The writing, for me, was the greatest obstacle in reading the book. It didn’t go quite as far as “Reader, I married him,” but the modern slang, Briseis’s internal arguments, and other minor irritants sprinkled throughout the book all added up to a very jarring, aggravating style. I was in Troy – and then I wasn’t. I was in the Greek camp on the beach, and then Myron was talking about “cheeky little sods” and suddenly I was in a pub watching the Greek army get hammered and yell about soccer. The Britishisms constantly dropped me out of the narrative, which overall walks a blurry line between beautiful, acceptable, and irritating. Barker also tries to dictate the reader’s internal pronunciation with hyphenated words that shouldn’t actually be hyphenated, such as “We-ell,” “List-en,” and “Ye-es.” Even more aggravating than the British slang and hyphenated words is Briseis’s habit of speaking to an unseen person, who seems to be her own internal interrogative voice:
Would you really have married the man who’d killed your brothers?
Well, first of all, I wouldn’t have been given a choice. But yes, probably. Yes. I was a slave, and a slave will do anything, anything at all, to stop being a thing and become a person again.
I just don’t know how you could do that.
Well, no, of course you don’t. You’ve never been a slave.
This is an extremely valid point and one that I’m glad Barker consistently made, but it’s wrapped up in such a self-righteous bit of dialogue that it didn’t have the same impact it would’ve had if she’d written it differently. Between the hand-wringing “I just don’t know how you could do that!” and the self-consciously morally superior “Well, no, of course you don’t,” I came out of this particular chapter annoyed, which is probably not how the exchange was intended. In case you missed it the first time around, Barker considerately copied it and pasted it into a later chapter:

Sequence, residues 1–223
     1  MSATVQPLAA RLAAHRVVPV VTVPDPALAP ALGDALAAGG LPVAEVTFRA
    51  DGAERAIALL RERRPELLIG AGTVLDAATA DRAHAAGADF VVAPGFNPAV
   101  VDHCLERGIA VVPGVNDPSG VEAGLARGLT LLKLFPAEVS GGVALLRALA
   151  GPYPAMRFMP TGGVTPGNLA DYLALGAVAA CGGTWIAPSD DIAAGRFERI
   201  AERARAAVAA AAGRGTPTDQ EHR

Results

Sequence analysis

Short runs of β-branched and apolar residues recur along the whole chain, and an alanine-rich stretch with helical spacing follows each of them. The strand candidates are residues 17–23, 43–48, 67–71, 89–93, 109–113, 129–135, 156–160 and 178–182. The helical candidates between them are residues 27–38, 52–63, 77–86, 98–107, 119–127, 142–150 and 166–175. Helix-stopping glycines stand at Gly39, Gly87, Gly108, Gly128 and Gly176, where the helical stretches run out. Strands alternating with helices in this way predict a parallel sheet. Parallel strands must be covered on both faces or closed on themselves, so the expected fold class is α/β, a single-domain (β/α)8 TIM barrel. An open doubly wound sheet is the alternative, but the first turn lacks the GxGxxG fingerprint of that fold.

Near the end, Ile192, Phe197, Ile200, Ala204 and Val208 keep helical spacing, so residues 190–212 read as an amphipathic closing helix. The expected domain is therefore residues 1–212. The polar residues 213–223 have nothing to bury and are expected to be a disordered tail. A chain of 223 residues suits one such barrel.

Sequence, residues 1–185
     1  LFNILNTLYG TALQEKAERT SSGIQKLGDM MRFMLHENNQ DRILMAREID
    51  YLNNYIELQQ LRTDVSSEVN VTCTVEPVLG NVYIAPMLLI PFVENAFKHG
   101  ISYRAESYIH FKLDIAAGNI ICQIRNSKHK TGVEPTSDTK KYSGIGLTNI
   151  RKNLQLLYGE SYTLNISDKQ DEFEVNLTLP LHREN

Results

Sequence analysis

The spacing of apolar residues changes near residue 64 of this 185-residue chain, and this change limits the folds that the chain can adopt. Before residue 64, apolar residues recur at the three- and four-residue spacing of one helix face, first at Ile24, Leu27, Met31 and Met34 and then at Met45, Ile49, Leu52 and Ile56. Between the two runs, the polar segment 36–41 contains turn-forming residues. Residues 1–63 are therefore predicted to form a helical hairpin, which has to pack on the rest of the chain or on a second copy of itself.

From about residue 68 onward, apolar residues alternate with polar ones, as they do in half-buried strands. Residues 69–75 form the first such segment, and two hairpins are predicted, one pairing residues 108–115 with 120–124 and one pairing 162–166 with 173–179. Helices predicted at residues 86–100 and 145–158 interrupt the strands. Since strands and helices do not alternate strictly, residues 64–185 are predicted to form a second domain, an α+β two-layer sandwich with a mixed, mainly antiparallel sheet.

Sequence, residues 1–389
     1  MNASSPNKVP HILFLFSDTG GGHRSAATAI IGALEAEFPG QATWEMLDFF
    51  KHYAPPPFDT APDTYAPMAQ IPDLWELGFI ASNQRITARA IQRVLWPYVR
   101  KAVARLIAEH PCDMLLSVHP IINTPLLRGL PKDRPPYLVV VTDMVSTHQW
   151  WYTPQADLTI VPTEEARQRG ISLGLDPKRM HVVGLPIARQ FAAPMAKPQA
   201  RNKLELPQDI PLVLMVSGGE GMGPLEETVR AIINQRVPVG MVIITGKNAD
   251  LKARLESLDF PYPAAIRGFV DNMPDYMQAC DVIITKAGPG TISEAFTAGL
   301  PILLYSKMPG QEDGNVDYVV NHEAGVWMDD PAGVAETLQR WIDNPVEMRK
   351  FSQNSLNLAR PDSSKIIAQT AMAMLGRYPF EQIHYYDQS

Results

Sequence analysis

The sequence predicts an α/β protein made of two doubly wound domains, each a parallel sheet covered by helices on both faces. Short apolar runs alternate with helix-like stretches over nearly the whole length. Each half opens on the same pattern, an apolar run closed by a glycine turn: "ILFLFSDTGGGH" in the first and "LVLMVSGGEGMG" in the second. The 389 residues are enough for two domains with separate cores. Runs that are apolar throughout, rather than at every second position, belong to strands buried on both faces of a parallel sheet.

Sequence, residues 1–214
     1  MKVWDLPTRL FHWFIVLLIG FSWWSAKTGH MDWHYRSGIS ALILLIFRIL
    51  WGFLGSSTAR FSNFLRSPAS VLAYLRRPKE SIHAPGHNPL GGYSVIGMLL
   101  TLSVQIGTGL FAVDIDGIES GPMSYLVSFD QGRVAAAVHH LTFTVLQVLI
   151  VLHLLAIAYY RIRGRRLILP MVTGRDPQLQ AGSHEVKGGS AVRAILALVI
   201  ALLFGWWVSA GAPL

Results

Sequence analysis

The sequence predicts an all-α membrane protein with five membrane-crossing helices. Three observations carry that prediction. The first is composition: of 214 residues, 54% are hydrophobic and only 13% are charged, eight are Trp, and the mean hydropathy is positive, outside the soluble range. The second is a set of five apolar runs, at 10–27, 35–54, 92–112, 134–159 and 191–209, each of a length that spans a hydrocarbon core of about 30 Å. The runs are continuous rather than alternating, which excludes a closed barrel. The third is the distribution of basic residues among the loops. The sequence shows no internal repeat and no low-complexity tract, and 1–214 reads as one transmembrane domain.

You were trying to arrange your marriage [to Achilles]…How could you do that?…I don’t understand how you could do that.
Perhaps that’s because you’ve never been a slave.
Also, I don’t actually remember her trying to arrange a marriage to Achilles at any point after Patroclus’s death? Did I miss something, or did Barker delete the scene where Briseis tried her luck? Whatever the case, I feel like there are better ways of explaining Briseis’s decisions than forcing her to argue with the handful of clueless voices camped out in her head. The narrative as a whole leaned rather heavily on the “I Must Make It Sound As If The Character Is Speaking Directly To The Reader” device, which, rather than making it sound natural and conversational, wrecked the flow of the prose and made it more contrived. Here’s a few examples:
- He made love – huh! – as if he hoped the next fuck would kill me.
- We-ell, in a manner of speaking I’d survived.
- Oh, yes, I got that story too.
The story was interesting. The writing drove me crazy. I personally prefer The Song of Achilles, which didn’t use stupid words like “shlurping,” but The Silence of the Girls is still very much worth reading.